building our world more fluidly

Such a tool, built by the people and for the people—brick by brick, so to speak—, a tool we would understand and that would understand us, a tool that truly gives priority to our well-being and to the realization of our dreams, such a tool could make a huge difference in our world. Its mere existence would give rise to greater opportunities for living and creating—in radically emergent and fluid ways.

Our social structures could then be in our very image, a better, more logical, more pluralistic reflexion of us. They could sure be less cumbersome! They could come into being by free association through the convergence of our wishes… and disappear when no longer wished for.

Am I advocating an all out individualism? No, for although I value individuals over cultures, I believe that solidarity should be encouraged as much as possible. (As a matter of fact, we will have to consider ways of helping people with communication disabilities to formulate their wishes.) Our desire to give to the community is all the greater when we feel we have a part to play in it, when we are free to navigate within it, and also to the extent that we are able to have a real influence on it. And because true solidarity is always a voluntary affair, we need to begin by building our world according to everyone’s wishes, and not just some pre-established order. I shall continue to develop my thoughts on this matter in a follow-up article, dealing this time with a model for a wholesome economic system.

Our problems would not all magically go away with a people’s semantic Web. However, the magic of communication would at last be at the people’s command and could—or so I wish—bring about such clearness and fluidity that it would become the instrument of choice for participating in the making of our world.

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5 comments so far

  1. fredofromstart on

    I would appreciate to read your criticisms, comments and questions down in black and white, so that I can answer them and, eventually, improve my proposition.

  2. spencerhold on

    hey fred, thanks, I think your vision is terrific, and inevitable.
    I specifically like the idea of using web identifiers for unambiguous communication. I say ‘i think the tuba concert was awesome’ and
    a) it knows of the concert, and
    b) logs and understands my evaluation,
    c) responds in a intelligent way (finds agreements/disagreements, or whatever)

    I don’t wanna cheerlead too much for freebase, as it is a for-profit company, but it’s got a) pretty well covered. I’m working on a bookmarklet that lets people add a topic to freebase quickly, so if you’re on the website for Montreal Festival de Jazz 2010, you can tell freebase its a music concert, an event in July in montreal etc… one click.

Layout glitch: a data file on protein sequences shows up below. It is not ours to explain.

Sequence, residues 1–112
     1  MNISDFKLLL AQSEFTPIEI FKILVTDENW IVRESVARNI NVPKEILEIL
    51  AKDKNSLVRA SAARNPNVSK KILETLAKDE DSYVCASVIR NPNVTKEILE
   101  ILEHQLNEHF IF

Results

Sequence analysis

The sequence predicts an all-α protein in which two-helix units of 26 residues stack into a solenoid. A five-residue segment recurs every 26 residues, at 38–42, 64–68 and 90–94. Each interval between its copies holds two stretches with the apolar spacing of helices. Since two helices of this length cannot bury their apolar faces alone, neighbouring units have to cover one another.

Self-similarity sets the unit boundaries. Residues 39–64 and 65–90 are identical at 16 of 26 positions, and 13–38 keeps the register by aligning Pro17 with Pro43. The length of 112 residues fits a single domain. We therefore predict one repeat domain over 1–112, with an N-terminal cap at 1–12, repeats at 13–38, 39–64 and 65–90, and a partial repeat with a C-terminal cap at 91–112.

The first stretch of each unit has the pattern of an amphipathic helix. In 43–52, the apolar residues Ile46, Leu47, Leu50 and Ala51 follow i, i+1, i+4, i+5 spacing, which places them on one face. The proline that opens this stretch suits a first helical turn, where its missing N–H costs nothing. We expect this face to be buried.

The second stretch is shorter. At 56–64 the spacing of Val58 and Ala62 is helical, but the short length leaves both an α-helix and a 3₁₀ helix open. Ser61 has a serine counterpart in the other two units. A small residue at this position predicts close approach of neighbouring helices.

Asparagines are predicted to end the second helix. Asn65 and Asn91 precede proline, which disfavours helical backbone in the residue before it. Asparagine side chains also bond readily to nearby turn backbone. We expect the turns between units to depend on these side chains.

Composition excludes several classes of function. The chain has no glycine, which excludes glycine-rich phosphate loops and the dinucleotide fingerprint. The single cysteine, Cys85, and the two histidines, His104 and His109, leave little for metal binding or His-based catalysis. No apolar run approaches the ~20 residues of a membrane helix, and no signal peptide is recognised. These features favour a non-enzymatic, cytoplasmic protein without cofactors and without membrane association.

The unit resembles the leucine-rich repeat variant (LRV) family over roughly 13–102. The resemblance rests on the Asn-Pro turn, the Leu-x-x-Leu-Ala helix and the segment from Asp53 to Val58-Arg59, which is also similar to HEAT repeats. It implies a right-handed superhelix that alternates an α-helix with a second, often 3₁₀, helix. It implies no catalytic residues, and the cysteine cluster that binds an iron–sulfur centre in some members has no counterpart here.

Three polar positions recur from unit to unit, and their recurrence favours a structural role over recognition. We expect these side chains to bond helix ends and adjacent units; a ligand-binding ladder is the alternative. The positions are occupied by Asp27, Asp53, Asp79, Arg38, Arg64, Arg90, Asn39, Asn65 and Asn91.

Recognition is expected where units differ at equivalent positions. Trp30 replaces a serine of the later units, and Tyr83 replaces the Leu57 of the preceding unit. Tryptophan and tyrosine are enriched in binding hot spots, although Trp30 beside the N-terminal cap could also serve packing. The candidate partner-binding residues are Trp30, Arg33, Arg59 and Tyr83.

natural language processing is tough but not impossible, and all the fancy nlp demos that have been made since we were toddlers are perfectly able to handle a regular query like ‘i want an iron table’. wordnet has been connected to dbpedia, and is (as we speak) being connected to freebase http://wordhunger.freebaseapps.com/
    ya, and hashtags show that atleast savy twitter-people are willing to use semi-natural language, in order to be understood programmatically. personally i don’t see how useful this sort of user markup is unless theres a two-way between user and computer, i really like this style of nl system – http://cubed.freebaseapps.com
    where its like – ‘so you mean this right?’ in a not-too-troublesome way.

    as for a dashboard, a general semantic internet interaction system, writing software for it will be super fun. i hope the internet gets its act together soon, so i can finally find a non-snoring, large-breasted french girl that laughs at my jokes
    cheers

  3. Felix Pleșoianu on

    I’m surprised you didn’t mention microformats (or RDFa, since you seem to prefer a more formal approach). They are already in widespread use, are inherently distributed, lightweight, open… pretty much all the qualities you want. There is even one for the specific use case in your example: http://microformats.org/wiki/hListing — how about that?

  4. fredofromstart on

    Thanks to Sébastien Paquet, who mentioned my article in his Blog http://emergentcities.sebpaquet.net/ (see : Blueprints for Networked Cocreation: 1. Intentcasting). It is a very interesting series on the emergence of new ways of doing things together. Big things, like enterprises, or societies. I find it very valuable, especially in these times of all-out agonizing conflagration…

    I recommend reading it from the bottom up, in the order it has been written.